The spiky, charismatic lead in ‘Yardie’, Idris Elba’s directorial debut, Aml Ameen grew up in Camden before the bright lights of Hollywood beckoned. Back from LA to hang out with his mates at the Notting Hill Carnival, the ‘Kidulthood’ and ‘Maze Runner’ actor told me where it all began.
What drew you to ‘Yardie’?
‘It was the opportunity to do something in the world of films I’ve grown up loving “Goodfellas” and “The Godfather”. I went method for it and stayed in character for the whole shoot – two months. When I went back to my normal accent at the end of filming, it freaked people out.’
How did you land the role?
‘I bumped into Idris on a flight to LA. We sat next to each other and he gave me the book [of ‘ Yardie’ by Victor Headley] and showed me the script. He said he’d liked me in “The Maze Runner” and he was going to send it to my agent. I said, “Fuck that, I’m going to read it right now and give you an answer.” They call the book “The Jamaican ‘Godfather’” so the icing on the cake was that Al Pacino was two rows in front of us. It was a magical moment.’
‘I danced with Michael Jackson at the Brit Awards’
What made you move to LA as a young actor?
‘I’d done “Kidulthood”, I’d done “The Bill”, I’d done a bit of “Silent Witness”, and it was like, “Where am I going to go to next?” I did audition after audition in LA until I got an offer from David E Kelley, who is one of the gods of American TV. It was a hit show called “Harry’s Law”. It changed my life.’
What do you miss about London?
‘The people, man, and the togetherness. Oh, and the Guinness punch – it’s Guinness and condensed milk; outside of Jamaica, it’s best in London. I’m one of those annoying people that goes on about how great London is despite not actually living there.’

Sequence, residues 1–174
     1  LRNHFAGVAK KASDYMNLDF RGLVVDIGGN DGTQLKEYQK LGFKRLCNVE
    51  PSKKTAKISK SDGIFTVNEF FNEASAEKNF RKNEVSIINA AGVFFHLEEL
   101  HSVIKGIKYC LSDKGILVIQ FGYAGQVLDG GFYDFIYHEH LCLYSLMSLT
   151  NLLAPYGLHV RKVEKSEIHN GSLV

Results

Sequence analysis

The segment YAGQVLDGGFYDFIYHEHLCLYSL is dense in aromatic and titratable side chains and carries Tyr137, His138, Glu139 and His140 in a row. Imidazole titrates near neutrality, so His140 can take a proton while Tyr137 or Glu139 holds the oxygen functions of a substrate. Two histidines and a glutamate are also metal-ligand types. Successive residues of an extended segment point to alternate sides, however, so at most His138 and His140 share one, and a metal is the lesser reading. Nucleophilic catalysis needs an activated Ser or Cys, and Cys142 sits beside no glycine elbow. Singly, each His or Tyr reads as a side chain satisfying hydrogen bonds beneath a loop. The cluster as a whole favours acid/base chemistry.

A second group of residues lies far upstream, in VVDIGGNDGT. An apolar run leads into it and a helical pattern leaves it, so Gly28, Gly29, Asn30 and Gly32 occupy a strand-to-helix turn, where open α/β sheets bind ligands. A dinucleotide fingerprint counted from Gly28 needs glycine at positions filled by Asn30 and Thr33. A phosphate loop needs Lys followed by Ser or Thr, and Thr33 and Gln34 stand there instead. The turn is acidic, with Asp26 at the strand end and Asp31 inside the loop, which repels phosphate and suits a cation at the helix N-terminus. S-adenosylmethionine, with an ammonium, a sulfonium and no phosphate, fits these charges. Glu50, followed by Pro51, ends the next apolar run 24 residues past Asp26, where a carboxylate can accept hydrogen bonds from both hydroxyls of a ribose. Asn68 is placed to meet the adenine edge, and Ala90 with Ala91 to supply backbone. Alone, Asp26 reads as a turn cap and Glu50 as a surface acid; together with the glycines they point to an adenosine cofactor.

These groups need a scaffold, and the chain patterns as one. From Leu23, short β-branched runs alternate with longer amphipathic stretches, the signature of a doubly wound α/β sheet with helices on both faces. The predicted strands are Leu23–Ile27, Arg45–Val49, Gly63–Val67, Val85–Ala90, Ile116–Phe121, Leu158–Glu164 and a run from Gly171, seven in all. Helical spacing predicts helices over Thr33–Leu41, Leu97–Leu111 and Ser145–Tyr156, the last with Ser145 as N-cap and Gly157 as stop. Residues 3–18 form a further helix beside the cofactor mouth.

Aml Ameen as D in ‘Yardie’
Who were your acting heroes as a kid?
‘I loved Will Smith – I grew up on “The Fresh Prince” – but also Mickey Rooney and Jimmy Stewart because my mum is big into 1940s movies. I had this childhood obsession with being a British-American actor. I remember first seeing Adrian Lester in “Primary Colours” and thinking: It can be done. Since then, actors like Idris, Chiwetel Ejiofor and David Oyelowo have proved that you can be successful here and in the US.’
You started acting really young, didn’t you?
‘I went to stage school at six years old. I worked in the West End as a child doing “Oliver!” and “Jolson”, and I danced with Michael Jackson at the Brit Awards…’
You were on stage when Jarvis Cocker crashed his performance?
‘I was 11 years old, man. I was really pissed off that nothing hit me, because Michael Jackson took everyone that got hit with a bottle to Brent Cross to get a PlayStation.’
Have you had any other memorable encounters with the stars?
‘Partying at Prince’s house in LA was a great moment. Me and my friend Gugu Mbatha-Raw went and he was playing with his band on the Prince symbol on the glass covering his pool. It was exactly how you’d imagine a Prince house party to be.’
‘Yardie’ opens on Aug 31. Special preview screenings, featuring a live satellite Q&A with Idris Elba, take place on Aug 23. Head to www.yardiefilm.co.uk/previewevent for details
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